Cerebral hypoxia refers to a condition in which there is a decrease of oxygen supply to the brain even though there is adequate blood flow. Drowning, strangling, choking, suffocation, cardiac arrest, head trauma, carbon monoxide poisoning, and complications of general anesthesia can create conditions that can lead to cerebral hypoxia. Symptoms of mild cerebral hypoxia include inattentiveness, poor judgment, memory loss, and a decrease in motor coordination. Brain cells are extremely sensitive to oxygen deprivation and can begin to die within five minutes after oxygen supply has been cut off. When hypoxia lasts for longer periods of time, it can cause coma, seizures, and even brain death. In brain death, there is no measurable activity in the brain, although cardiovascular function is preserved. Life support is required for respiration.
Treatment depends on the underlying cause of the hypoxia, but basic life-support systems have to be put in place: mechanical ventilation to secure the airway; fluids, blood products, or medications to support blood pressure and heart rate; and medications to suppress seizures.
Recovery depends on how long the brain has been deprived of oxygen and how much brain damage has occurred, although carbon monoxide poisoning can cause brain damage days to weeks after the event. Most people who make a full recovery have only been briefly unconscious. The longer someone is unconscious, the higher the chances of death or brain death and the lower the chances of a meaningful recovery. During recovery, psychological and neurological abnormalities such as amnesia, personality regression, hallucinations, memory loss, and muscle spasms and twitches may appear, persist, and then resolve.
The NINDS supports and conducts studies aimed at understanding neurological conditions that can damage the brain, such as cerebral hypoxia. The goals of these studies are to find ways to prevent and treat these conditions.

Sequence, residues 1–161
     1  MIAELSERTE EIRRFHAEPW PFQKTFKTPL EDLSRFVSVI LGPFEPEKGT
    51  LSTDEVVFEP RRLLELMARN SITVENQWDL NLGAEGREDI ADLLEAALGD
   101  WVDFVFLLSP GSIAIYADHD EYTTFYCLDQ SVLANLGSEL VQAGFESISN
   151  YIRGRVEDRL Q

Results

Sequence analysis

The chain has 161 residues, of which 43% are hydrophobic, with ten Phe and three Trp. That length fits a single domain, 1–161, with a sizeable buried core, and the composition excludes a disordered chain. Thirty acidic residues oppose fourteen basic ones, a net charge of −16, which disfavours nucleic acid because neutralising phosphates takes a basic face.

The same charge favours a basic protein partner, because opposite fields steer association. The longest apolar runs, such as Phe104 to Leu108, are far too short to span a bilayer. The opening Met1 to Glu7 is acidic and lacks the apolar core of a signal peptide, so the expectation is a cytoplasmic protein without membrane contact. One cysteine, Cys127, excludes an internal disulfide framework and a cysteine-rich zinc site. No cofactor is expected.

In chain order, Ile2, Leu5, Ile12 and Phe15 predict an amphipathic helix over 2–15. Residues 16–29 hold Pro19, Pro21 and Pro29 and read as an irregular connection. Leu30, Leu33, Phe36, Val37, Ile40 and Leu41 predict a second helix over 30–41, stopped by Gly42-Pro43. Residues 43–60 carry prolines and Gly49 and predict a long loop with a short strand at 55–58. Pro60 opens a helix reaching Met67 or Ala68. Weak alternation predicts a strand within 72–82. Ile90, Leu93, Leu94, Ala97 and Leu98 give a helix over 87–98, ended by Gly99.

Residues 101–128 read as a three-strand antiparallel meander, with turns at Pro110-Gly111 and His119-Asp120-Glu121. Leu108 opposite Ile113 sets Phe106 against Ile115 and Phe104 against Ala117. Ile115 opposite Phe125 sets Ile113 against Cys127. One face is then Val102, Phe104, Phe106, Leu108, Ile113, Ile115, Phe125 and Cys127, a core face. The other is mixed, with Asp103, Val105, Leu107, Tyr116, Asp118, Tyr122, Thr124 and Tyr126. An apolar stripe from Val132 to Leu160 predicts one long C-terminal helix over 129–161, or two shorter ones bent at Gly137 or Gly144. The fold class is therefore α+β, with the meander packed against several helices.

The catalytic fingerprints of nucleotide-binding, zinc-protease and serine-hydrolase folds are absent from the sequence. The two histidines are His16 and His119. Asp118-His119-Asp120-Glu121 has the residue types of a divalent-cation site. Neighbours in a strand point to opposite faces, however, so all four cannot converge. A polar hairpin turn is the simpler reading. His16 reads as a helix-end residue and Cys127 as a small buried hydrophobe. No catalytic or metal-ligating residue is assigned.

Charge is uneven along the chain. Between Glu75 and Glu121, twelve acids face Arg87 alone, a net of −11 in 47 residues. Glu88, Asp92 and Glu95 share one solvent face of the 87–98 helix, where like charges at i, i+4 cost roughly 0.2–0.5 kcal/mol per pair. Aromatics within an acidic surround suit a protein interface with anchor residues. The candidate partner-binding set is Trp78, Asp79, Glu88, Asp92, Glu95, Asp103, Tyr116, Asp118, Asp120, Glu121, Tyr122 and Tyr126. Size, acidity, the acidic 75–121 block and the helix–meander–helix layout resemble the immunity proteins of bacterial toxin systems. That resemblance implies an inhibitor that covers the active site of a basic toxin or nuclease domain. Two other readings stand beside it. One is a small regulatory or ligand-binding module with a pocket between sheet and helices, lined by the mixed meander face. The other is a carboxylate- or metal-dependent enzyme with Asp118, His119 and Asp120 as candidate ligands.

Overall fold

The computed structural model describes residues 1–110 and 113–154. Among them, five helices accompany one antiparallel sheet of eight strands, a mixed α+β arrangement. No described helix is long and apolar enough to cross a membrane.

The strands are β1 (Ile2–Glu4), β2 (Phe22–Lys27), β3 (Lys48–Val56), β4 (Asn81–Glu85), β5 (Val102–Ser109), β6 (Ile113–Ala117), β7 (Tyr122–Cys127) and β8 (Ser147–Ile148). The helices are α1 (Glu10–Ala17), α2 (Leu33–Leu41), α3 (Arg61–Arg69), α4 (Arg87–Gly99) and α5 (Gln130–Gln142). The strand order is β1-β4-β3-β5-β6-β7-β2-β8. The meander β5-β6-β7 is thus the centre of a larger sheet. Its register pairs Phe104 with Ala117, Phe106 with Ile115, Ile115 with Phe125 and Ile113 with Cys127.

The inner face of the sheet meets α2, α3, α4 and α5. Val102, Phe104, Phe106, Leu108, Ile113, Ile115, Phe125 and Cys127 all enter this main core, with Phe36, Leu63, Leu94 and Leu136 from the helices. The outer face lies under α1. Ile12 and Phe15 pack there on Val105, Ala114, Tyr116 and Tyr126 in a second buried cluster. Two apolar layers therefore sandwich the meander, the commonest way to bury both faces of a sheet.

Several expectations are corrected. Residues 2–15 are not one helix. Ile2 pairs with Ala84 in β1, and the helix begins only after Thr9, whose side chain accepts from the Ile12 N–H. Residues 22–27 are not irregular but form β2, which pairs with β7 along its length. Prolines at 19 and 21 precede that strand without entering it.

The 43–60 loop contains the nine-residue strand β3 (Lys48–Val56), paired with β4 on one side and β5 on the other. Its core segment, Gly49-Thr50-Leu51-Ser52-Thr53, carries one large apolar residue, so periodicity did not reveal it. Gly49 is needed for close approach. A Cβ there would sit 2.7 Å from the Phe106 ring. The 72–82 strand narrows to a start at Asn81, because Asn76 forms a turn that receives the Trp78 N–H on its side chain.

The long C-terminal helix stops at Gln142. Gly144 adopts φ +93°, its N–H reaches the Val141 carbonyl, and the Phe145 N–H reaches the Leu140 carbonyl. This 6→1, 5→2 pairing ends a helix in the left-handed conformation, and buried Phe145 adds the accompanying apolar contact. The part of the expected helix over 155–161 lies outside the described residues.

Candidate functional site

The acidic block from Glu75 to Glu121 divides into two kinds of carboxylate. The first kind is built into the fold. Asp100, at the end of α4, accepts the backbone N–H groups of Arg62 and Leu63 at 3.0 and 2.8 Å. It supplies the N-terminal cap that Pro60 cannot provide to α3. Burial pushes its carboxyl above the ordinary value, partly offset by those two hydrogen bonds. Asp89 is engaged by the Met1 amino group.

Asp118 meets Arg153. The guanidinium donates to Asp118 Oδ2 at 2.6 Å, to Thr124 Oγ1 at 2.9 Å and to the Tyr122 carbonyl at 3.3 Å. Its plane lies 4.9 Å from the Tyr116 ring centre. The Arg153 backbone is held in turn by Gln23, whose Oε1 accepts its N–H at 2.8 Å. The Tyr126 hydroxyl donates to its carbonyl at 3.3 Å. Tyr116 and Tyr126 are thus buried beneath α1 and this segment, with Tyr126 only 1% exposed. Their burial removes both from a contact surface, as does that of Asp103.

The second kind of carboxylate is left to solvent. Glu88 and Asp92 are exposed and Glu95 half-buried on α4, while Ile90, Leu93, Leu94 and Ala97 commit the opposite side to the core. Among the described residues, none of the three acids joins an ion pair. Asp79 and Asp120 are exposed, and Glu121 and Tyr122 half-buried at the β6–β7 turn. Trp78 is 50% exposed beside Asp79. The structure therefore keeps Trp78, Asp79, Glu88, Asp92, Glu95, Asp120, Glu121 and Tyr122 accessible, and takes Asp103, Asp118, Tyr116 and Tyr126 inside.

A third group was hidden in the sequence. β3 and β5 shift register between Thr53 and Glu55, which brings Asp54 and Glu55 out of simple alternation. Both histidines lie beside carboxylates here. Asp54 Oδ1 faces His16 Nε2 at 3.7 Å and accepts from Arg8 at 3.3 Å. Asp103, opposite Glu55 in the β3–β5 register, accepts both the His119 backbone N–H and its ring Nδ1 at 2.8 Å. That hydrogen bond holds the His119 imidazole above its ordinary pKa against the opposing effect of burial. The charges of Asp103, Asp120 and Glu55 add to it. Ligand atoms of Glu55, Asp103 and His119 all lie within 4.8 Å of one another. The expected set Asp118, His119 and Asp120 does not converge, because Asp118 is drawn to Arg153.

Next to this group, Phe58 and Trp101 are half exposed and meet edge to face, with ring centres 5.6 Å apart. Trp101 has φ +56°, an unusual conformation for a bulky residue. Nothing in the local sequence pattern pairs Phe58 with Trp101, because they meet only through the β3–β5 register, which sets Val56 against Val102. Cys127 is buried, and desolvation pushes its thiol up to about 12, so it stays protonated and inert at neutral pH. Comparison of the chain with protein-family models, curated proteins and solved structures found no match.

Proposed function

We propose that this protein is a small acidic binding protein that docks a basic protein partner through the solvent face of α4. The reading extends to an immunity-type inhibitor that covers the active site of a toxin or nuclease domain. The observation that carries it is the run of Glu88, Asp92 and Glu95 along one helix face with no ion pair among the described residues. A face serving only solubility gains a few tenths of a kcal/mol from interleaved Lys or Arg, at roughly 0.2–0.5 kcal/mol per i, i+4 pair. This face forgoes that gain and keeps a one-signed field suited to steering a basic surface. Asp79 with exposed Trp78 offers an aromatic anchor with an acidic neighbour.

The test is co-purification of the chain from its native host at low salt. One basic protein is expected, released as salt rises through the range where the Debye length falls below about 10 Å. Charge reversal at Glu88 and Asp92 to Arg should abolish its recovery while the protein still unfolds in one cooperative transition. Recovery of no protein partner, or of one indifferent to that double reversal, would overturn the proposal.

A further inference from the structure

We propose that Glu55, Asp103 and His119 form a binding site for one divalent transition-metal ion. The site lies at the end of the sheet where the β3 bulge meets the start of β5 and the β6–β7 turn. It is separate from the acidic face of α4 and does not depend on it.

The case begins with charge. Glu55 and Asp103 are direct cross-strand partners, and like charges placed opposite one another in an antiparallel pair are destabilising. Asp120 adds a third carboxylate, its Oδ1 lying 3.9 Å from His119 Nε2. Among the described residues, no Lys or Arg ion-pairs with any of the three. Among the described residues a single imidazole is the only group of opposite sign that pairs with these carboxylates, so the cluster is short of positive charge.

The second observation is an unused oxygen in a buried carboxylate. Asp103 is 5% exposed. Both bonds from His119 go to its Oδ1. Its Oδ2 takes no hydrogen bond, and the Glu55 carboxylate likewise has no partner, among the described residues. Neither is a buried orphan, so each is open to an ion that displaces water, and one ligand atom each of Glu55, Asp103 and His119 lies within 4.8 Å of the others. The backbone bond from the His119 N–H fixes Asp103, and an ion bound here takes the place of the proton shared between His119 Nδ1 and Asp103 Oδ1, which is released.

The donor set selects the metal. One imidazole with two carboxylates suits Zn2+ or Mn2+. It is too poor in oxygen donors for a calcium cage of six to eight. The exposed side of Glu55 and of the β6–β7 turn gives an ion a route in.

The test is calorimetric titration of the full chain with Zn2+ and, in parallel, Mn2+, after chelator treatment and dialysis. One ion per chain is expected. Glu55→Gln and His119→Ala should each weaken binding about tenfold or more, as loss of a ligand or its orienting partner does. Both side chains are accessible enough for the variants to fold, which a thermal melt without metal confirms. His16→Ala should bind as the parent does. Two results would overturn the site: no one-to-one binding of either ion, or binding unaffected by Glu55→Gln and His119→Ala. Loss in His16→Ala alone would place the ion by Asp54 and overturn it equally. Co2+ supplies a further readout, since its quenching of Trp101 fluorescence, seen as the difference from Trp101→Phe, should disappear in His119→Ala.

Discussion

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Brain Injury Association of America, Inc.
Non-profit organization dedicated to people with brain injury and their families. Offers research, education, and advocacy programs through a national office, network of state affiliates, support groups, and a helpline.
1608 Spring Hill Rd
Vienna, VA 22182
National Rehabilitation Information Center (NARIC)
8400 Corporate Drive
Landover, MD 20785
Brain Injury Resource Center
Non-profit clearinghouse founded and operated by head injury activists. Offers information, discussion groups, programs for building advocacy and self-care skills, and referrals to additional information and resources.
Seattle, WA 98124
Brain Trauma Foundation
Nationwide organization devoted to improving the outcome of traumatic brain injury patients. Focuses on the acute phase of traumatic brain injury (TBI) and methods to improve chances of a meaningful recovery. The Foundation works to improve the care of TBI patients from the scene of injury to the emergency room and ICU through guidelines development, professional education, quality improvement, and clinical research.
New York, NY 10004-1007
Tel: New York